When I drove past a wind turbine recently, I noticed that the blades weren’t spinning at all. So, I did some research to find out why wind turbines stop turning.
Why do some wind turbines stop turning? Wind turbines can stop turning their blades due to a variety of factors including wind speeds that are too fast or too slow and extreme weather conditions. The turbines will stop themselves from spinning if they cannot get any energy from the wind or if their blades will be damaged by a movement that is too rapid.
It can be confusing to see a wind turbine in real life with its blades standing still because they are supposed to spin to collect energy from the wind. However, there are some circumstances throughout their lifetimes in which wind turbines will stop turning their blades for one reason or another.
The Turning Functions of a Wind Turbine
Wind turbines are made up of multiple intricate components that work together to spin the blades and collect the wind’s energy. The component that is first in line in this process is called the anemometer. The anemometer is a small rotating piece that sits on top of the turbine and looks similar to helicopter blades.
Its function is to gauge the wind’s speed and transmit it through the turbine to signal the rest of the components whether it is time to start spinning the blades or not.
The controller is an inner component that receives signals from the anemometer and starts the turbine’s functions from the inside. Located within the nacelle, this piece is also the one that will stop the turbine’s blades from turning if necessary.
The nacelle is one of the largest components on the turbine with other parts inside of it. For some utility-scale turbines, the nacelle is long enough to fit an airplane on top of it. It is located on top of the tower behind the blades and encompasses the controller, gearbox, speed shafts, generator, and the brake.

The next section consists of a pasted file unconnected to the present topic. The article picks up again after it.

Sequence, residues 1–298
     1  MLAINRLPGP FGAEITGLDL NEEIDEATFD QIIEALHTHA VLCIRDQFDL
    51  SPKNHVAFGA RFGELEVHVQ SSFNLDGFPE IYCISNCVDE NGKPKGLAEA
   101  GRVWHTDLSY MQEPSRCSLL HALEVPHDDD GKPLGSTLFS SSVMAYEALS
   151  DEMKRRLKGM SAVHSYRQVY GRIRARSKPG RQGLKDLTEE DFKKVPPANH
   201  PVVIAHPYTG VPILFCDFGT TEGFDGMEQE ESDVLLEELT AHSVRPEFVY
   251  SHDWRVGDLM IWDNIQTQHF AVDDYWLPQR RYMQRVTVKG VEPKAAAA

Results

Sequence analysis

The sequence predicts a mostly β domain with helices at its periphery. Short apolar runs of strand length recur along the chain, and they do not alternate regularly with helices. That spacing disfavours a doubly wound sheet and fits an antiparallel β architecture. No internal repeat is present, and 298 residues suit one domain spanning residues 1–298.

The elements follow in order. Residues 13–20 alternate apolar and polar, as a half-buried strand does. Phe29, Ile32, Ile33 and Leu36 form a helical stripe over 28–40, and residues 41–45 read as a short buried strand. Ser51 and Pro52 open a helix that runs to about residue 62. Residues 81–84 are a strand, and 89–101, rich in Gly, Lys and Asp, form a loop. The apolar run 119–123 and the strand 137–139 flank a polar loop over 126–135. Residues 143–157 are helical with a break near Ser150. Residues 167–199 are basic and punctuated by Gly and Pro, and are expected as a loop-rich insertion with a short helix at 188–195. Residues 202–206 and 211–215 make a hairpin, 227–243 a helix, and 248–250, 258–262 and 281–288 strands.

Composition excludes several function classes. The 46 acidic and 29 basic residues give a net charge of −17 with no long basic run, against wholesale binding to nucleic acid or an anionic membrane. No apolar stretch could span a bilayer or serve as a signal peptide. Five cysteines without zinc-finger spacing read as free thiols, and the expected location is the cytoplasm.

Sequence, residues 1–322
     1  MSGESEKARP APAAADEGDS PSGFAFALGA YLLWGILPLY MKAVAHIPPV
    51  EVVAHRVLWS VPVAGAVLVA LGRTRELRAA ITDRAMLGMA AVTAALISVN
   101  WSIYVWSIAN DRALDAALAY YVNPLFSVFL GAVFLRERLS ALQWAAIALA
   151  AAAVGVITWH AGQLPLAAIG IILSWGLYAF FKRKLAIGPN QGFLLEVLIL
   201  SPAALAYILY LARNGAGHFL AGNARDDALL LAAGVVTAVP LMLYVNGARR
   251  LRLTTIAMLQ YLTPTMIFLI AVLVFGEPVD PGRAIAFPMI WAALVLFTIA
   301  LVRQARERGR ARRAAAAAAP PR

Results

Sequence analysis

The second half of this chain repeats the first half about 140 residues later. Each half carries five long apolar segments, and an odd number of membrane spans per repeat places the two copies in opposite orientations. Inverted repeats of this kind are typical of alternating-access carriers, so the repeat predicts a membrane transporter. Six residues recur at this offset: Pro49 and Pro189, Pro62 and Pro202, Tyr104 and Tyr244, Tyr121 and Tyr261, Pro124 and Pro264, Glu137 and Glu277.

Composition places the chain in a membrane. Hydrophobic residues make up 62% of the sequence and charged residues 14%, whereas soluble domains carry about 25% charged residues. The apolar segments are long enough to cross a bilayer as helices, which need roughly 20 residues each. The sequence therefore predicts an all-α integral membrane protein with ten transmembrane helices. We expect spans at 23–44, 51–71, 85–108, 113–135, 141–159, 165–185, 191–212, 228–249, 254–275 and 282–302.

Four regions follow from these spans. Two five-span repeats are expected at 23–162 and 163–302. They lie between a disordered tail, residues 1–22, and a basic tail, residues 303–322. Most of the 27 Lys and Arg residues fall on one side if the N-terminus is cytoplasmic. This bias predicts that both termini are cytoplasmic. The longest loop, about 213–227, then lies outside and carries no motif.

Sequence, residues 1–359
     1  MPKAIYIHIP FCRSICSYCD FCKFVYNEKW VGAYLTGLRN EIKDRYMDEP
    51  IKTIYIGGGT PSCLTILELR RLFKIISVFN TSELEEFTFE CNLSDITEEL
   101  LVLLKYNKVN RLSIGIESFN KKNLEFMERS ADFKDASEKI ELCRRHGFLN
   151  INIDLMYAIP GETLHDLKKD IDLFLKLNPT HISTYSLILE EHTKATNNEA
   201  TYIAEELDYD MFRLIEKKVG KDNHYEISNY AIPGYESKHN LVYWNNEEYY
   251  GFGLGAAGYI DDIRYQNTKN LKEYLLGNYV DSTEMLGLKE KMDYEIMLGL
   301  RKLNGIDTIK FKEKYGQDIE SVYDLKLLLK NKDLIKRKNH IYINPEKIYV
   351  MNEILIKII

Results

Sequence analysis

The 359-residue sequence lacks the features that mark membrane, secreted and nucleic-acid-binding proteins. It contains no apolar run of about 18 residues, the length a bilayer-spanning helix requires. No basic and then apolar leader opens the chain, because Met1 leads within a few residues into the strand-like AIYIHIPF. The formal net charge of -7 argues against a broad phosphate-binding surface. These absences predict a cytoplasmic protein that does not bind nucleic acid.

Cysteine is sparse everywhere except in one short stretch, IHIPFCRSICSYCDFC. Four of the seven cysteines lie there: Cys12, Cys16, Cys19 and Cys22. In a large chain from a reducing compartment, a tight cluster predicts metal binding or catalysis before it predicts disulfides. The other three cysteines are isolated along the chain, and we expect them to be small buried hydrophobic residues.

The generator produces electricity within the turbine when the wind’s energy is passed through the machine. Connected by the gearbox, the high-speed shaft is what pushes turning speeds through the generator and the low-speed shaft pushes more controlled speeds out toward the blades.
The gearbox itself is the component of the turbine that multiplies the energy that is taken in by the turbine.
It does this by multiplying the rate of rotations per minute, usually tripling it, in order to effectively generate usable electricity that has enough power. Finally, the brake piece that is also located within the nacelle will stop the blades from moving if the other components send the signal that it is necessary.
There are a few different ways that the brake function is able to stop the blades from turning, which I will get to in the upcoming sections.
The spinning section of the wind turbine is collectively known as the rotor, which is the blades and the rotor hub together. The rotor hub is essentially the centerpiece that is in between the fan of blades.
It gains momentum from the inner components of the turbine when it is time to spin and passes it along through the blades. There is an additional component related to the blades called the pitch, which keeps the blades out of the direct wind to keep a steady turning pace and also helps to stop them when the wind speeds are not ideal for producing electricity.
All of these components are held up by the tower, which is a slender cylinder shape that is usually made of some type of steel material. It is ideal for this piece to extend as high into the air as possible in order to be able to collect the most wind energy.
The entire tower and all other working parts are held in place by the foundation, which is commonly filled into the ground with concrete, although it can be made out of steel as well in certain locations that permit it.
For example, a wind turbine in a field will probably have a concrete foundation, while an offshore turbine in the ocean will most likely stand on a steel base that emerges from the water.
These last two components are vital to the functions of the wind turbine because they serve the purpose of keeping it standing still as well as allowing it to be able to withstand strong wind speeds without toppling over.
So now that the parts of a wind turbine are understood, what happens inside of the turbine when the blades start to spin? As mentioned before, the entire process of extracting wind energy begins with the tiny anemometer piece that sits on top of the nacelle.
When the wind begins to blow, the anemometer will spin according to the force that the wind is exerting on it and send a message through to the inside of the turbine. The signal will be received by the controller inside of the nacelle and the turning action will commence. Depending on the direction of the wind, the pitch system will rotate the blades to keep them safe from any damage and in order to get the most energy possible.